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Michael Collins and the Civil War by T. Ryle…

Michael Collins and the Civil War

by T. Ryle Dwyer

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    The Northern Ira And the Early Years of Partition 1920-1922 by Robert Lynch (thegeneral)
    thegeneral: This is a very well written book. It is well referenced throughout. Little research has been done to date on the IRA in what became Northern Ireland during the War of Independence and the Civil War. The author sheds some enlightening information on this topic during the course of the book. The curious and duplicitous role of Michael Collins is highlighted and his attempts to develop a united IRA invasion of Northern Ireland while professing ignorance to both the British or his own colleagues is also demonstrated. The collapse of the Northern offensive is examined and the fact that many active volunteers were persuaded to enlist into the Free State Army is also developed. It is very illuminating.… (more)

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I have consistently been a fan of Dwyer’s previous books and enjoyed this one also. It is typically well written, referenced and researched. Unlike some authors Dwyer has always had an open mind when writing about both Collins and de Valera and their mutual relationship. This pattern emerges again here in this book. Both individuals are analysed critically and given a fair assessment. The main reason I acquired the book was for the information about the IRA’s invasion of the North and Collins’ involvement in the various initiatives during that time. Dwyer does not spare the reader any details and shows how Collins readily played both sided of the fence with his Government colleagues, the British and the IRA. The final chapter is also very good in my opinion. ( )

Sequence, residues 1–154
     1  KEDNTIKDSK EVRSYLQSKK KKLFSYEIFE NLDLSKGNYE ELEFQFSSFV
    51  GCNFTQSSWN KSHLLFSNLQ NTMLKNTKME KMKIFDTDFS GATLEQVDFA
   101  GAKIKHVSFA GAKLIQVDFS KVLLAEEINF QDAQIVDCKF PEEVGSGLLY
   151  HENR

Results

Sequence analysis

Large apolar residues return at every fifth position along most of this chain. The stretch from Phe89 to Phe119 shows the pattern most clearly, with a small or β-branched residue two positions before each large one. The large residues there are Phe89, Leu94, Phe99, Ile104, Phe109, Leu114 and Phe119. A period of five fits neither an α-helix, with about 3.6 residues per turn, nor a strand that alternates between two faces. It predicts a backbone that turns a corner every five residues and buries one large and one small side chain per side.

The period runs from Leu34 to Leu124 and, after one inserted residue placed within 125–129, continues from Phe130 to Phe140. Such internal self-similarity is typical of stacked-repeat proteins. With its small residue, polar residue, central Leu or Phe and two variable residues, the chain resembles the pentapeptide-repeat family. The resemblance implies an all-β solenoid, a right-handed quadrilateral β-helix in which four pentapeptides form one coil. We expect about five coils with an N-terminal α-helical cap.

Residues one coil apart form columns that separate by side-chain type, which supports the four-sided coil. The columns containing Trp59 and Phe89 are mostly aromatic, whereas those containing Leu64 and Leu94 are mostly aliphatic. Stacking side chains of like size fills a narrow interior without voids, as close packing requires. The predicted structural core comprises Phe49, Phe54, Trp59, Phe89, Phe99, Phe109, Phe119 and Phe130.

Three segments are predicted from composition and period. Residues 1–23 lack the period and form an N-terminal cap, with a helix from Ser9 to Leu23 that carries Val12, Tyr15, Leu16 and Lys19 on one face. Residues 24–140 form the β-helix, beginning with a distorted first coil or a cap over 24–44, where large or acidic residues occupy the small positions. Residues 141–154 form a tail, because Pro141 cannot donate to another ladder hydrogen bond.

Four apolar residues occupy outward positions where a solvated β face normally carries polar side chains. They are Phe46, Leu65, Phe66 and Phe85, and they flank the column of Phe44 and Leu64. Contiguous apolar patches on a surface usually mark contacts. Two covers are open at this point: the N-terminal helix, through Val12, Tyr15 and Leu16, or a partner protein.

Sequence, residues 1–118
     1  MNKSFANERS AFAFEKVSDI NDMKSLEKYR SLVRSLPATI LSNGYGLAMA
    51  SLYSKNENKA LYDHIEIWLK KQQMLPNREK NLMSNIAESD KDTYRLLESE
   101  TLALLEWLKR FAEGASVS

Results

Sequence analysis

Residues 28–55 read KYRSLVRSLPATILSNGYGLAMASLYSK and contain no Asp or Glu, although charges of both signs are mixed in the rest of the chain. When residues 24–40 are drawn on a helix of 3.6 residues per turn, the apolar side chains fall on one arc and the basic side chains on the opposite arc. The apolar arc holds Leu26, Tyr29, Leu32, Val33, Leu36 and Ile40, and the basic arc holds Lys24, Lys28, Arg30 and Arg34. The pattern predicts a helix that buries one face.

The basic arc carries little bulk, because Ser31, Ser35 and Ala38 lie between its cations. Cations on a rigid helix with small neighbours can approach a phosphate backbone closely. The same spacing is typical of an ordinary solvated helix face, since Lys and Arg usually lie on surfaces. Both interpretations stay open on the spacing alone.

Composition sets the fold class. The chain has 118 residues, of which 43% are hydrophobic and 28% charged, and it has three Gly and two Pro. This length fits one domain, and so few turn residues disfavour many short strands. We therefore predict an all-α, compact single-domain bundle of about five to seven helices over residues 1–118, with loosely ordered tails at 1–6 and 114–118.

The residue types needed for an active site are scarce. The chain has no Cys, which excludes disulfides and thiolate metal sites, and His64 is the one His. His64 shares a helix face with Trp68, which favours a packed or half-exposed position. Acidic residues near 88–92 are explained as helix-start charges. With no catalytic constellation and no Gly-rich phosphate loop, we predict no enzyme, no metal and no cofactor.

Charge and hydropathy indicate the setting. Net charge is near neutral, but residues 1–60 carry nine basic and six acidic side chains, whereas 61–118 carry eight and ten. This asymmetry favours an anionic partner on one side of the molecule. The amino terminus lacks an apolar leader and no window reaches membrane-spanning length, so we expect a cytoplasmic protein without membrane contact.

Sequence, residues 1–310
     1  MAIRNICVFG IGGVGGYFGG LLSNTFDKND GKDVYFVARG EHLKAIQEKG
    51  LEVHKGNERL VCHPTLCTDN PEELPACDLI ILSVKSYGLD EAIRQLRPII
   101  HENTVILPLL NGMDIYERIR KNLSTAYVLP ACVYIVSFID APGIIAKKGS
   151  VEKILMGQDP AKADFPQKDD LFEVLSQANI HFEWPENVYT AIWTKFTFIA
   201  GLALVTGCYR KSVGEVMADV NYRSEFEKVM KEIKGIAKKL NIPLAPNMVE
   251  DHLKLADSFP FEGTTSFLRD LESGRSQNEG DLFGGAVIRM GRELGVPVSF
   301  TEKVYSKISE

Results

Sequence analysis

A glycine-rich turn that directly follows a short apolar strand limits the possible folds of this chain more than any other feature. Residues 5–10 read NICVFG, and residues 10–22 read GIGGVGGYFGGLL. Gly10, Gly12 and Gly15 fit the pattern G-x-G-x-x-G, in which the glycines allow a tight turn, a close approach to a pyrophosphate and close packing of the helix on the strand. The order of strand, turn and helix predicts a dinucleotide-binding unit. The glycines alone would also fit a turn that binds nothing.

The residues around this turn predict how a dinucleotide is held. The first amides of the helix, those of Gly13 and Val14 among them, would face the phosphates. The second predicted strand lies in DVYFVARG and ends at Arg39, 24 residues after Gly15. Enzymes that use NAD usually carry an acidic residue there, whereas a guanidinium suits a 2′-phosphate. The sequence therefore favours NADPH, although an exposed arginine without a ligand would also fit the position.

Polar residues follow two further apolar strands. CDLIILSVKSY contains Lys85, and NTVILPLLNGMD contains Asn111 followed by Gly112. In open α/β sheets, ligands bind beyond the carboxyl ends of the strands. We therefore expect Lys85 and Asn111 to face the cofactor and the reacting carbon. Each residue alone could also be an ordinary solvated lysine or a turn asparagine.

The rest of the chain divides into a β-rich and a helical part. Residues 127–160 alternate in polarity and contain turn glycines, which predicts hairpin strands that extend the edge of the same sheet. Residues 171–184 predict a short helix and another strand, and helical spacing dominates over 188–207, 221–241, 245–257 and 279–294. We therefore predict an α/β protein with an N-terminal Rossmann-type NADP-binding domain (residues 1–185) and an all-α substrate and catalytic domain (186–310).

thegeneral | Sep 20, 2012 |
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On22 August, 1922, Michael Collins was shot dead by the anti-Trreaty IRA in an ambush at Béalnablath, in his home county of Cork. His death ended all hope for a quick end to the Civil War and cut short the life of one of Ireland's most charismatic leaders.

Michael Collins and the Civil War sheds new light on Collins' role in the critical period of the run-up to the Civil War. While carring out his ministerial duties and negotiations with the British, he was also secretly supporting the IRA's campaign to destabilise Northern Ireland through kidnappings and assassinations, and attempting to reconcile the anti-Treaty IRA with the new Provisional Government and the terms of the Treaty. However, this last proved to be too great a challenge, even for a man of Collins's stature, and on 28 June the first shots in the cCivil War were fired.

In the concluding part of his series on Michael Collins, Ryle Dwyer recounts the tragic final chapter in the story of the man who helped shape the Ireland of today.
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During the Civil War, Michael Collins was commander-in-chief of the Free State Army. This new book sheds light on previously unknown information about actions taken by Collins and Churchill during the Civil War. On 14 April 1922 a group of 200 anti-Treaty IRA men occupied the Four Courts in Dublin in defiance of the Provisional Government. Michael Collins, who wanted to avoid civil war at all costs, did not attack them until June 1922, when British pressure forced his hand. This led to the Irish Civil War as fighting broke out in Dublin between the anti-Treaty IRA and the Provisional Government's troops. Under Collins' supervision, the Free State rapidly took control of the capital. In 'Michael Collins and the Civil War', Ryle Dwyer sheds new light on Collins' role in the Civil War, showing how in the weeks and months leading to the campaign he secretly persisted with guerrilla tactics in border areas. This involved not only assassination but also kidnapping and hostage taking. In confronting those tactics on behalf of the British, for instance, Winston Churchill engaged in similar behaviour, including killing and hostage-taking. But until now much of this has conveniently been swept under the carpet of history. T. Ryle Dwyer is a historian and journalist with 'The Irish Examiner'. He has written many books, notably on the period of the War of Independence and the Civil War, and on p9samon De Valera and Michael Collins. His most recent titles with Mercier Press are: 'I Signed My Death Warrant: Michael Collins and the Treaty' and 'The Squad'. Michael Collins was an Irish revolutionary leader, Minister for Finance and MP for Cork South in the first Dil of 1919. He was Director of Intelligence for the IRA and a member of the Irish delegation during the Anglo-Irish Treaty negotiations. During the Civil War, Michael Collins was Chairman of the Provisional Government and commander-in-Chief of the Free State Army. He was shot and killed in August 1922 during the Irish Civil War.… (more)

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